Saturday, April 9, 2011

Even cavemen aren't immune from sexual stereotyping

Seen this story doing the rounds?

First known 'gay' caveman
Scientists say that they have uncovered the first known gay caveman 5000 years after his death. Archeologists have uncovered the grave of a man they believed to have died between 2900 and 2500 B.C. and was seemingly buried in a way that suggests he was homosexual.
The skeleton of the man, found during an excavation in the Czech Republic, was found on his left side with his head facing west, buried with household jugs and no weapons.
An oval-shaped jug was also found near the feet of the skeleton.
During that period, men were traditionally buried with weapons, hammers and flint knives, and their bodies were placed on their right side with the head facing east.
Women were interred with their bodies on the left, head facing west, and buried with necklaces made from teeth, pets, and copper earrings, as well as domestic jugs and an egg-shaped pot placed near the feet.
Scientists are certain that the body placement was not a mistake, as customs were very strict on burial and funerals at the time.
"From history and ethnology, we know that people from this period took funeral rites very seriously so it is highly unlikely that this positioning was a mistake," said lead researcher Kamila Remisova Vesinova.
"Far more likely is that he was a man with a different sexual orientation, homosexual or transvestite. What we see here does not add up to traditional Corded Ware cultural norms."
There had been previous skeletons discovered where a female warrior had been buried like a man, and Siberian shamans, or witch doctors, had been buried in a similar way to the "gay" caveman, another member of the archaeological team, Katerina Semradova, said.
"This later discovery was neither of those. We believe this is one of the earliest cases of what could be described as a transvestite or third-gender grave in the Czech Republic."


Is it just me or does this sound like rubbish?
Now let me say from the start, I have no problem with cavemen being gay. What two or more consenting adult cavepersons do in the privacy of their own cave is no business of mine.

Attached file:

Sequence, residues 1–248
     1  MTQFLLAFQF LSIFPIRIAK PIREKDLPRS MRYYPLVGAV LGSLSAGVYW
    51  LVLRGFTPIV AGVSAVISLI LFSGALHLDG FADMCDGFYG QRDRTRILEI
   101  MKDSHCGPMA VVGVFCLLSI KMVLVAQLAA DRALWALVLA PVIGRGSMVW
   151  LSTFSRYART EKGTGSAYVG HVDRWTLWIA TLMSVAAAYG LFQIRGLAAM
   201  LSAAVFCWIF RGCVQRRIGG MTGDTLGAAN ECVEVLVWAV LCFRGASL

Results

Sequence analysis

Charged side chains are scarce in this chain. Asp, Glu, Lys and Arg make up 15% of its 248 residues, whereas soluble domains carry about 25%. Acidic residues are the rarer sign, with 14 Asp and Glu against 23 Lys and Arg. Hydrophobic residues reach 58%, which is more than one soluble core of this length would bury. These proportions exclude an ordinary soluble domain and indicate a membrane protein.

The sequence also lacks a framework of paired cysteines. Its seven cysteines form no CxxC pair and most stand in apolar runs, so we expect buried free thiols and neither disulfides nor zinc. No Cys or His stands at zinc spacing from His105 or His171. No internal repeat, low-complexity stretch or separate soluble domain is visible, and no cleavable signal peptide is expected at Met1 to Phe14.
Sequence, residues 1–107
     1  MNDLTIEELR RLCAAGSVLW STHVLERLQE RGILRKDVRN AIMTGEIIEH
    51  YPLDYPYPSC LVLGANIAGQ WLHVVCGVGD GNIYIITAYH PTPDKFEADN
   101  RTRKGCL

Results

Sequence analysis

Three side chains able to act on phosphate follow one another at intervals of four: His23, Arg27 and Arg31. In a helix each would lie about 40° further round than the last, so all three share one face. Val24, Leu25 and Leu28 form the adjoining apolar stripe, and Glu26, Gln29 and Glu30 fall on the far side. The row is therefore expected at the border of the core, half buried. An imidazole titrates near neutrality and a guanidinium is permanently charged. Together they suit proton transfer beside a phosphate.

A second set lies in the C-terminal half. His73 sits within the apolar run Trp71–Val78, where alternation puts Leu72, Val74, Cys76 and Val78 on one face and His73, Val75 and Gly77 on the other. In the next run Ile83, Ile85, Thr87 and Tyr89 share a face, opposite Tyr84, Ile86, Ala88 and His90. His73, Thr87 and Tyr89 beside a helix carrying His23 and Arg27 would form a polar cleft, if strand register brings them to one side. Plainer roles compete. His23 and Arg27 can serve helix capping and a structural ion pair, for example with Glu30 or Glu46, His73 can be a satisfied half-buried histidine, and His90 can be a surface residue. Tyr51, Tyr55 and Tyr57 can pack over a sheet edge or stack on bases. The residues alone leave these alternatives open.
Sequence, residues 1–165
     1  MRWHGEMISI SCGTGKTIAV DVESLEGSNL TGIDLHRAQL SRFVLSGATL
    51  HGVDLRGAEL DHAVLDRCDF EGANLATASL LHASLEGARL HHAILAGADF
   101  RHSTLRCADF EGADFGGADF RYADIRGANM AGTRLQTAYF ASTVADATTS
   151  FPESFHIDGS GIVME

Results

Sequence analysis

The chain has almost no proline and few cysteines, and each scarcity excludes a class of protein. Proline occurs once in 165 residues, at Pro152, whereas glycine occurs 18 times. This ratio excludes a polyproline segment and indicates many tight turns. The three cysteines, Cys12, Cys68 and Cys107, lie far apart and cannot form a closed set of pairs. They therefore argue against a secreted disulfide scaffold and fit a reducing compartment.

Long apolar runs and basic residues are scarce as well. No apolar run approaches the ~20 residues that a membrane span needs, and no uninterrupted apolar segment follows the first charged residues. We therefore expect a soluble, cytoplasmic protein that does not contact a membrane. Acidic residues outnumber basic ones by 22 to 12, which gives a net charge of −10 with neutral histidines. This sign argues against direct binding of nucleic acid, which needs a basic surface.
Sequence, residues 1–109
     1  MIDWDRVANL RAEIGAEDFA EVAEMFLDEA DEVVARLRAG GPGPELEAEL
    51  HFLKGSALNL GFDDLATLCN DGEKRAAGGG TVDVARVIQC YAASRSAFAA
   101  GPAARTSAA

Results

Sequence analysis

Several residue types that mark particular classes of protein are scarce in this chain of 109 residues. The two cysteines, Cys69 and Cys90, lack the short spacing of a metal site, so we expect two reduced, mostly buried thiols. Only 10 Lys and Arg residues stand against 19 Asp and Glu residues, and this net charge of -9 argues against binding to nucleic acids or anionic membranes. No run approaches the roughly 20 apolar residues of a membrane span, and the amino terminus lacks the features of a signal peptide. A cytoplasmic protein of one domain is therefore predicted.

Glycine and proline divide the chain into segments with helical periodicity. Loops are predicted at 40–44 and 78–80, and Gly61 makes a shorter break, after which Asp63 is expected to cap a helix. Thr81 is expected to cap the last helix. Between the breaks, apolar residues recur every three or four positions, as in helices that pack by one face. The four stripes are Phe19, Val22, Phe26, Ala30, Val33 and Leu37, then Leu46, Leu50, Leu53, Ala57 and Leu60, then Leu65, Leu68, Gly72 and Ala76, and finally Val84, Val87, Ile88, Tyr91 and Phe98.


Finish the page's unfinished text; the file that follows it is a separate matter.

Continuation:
But to label a skeleton gay, on the basis that he associates more with household jugs than weapons... well, that doesn't work for me. Ok, so our prehistoric friend might have preferred working in the kitchen to fighting off cave bears with axes and flint knives. So what? If you don't prefer cooking and serving drinks to fighting for your life against wild beasts, there is something wrong with you.

So it assumes that gay cavemen weren't into rugged manly stuff like weapons, and that straight cavemen weren't into anything domestic. I thought scientists were beyond such unimaginative stereotyping. Next they'll be claiming, "This skeleton possesses an unusually limp wrist and appeared to be heavily involved in the Neolithic fashion industry."

This reminds me of the time at university when a female classmate was convinced I was gay because I enjoyed cooking, was vegetarian, and carried a small tube of moisturiser in my bag. Ok, maybe that does sound a bit gay, but whatever the case, I'm not. Sometimes, people are just individuals and don't fit neatly into narrow gender role stereotypes. Maybe the caveman buried with household jugs was a rabidly heterosexual ladies-man who just, well, had a thing for household jugs. And how do we know that one of the uber-manly cavemen buried with axes and knives wasn't also mad for cock?

Incidentally, they are not even cavemen, technically. By 2900 BC, Europeans most certainly had farms and houses and maybe even closets.

4 comments:

  1. "Incidentally, they are not even cavemen, technically. By 2900 BC, Europeans most certainly had farms and houses and maybe even closets."

    Not exactly. Julius Ceaser found Germans living in the caves when he invaded the region..some of them could not even make a fire. Others, males and females were running around naked. Europeans and whites love to say that if they had not come to Africa and asked the indigenous man to come down from the tree, they would still be living in the tree! Similarly had Ceaser not asked Europeans to come out of the caves (in Germany) and civilized them, may be they wont be in Australia, they will still be living in the caves!

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  2. Ok, first of all, "caveman" is not a term that should be used, because it doesn't explain anything. I guess they mean prehistory.

    Now, as for the attributing sexual orientation based on artifacts in the grave, it... Oooh, it's so complicated, but let's just say that it makes no sense. Simply put, you can't make assumptions based on such facts.

    HOWEVER, this example shows the way archaeology worked, and, sadly, still works. MOST of what we think we know in archeology is based on stuff exactly like this one: drawing assumptions based on the objects found in the graves. Yes, that's right!

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  3. ummm its not just because he was buried with pots and pans....its that the way of life in the time peiod he lived in stated that if you were a woman you were buried with these items and if you were a man you werent. it doesnt say if you were a man who liked cooking you were buried with pots it says if you were a man you were buried with wepons armor ect. its not just an assumption people of earlier time periods were alot less educated and relied on customs/traditions/religion to live thier lives by.

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    1. for the record im not saying anyones opinion here is wrong...just that you should look at the facts of this timeperiod before you make your theories

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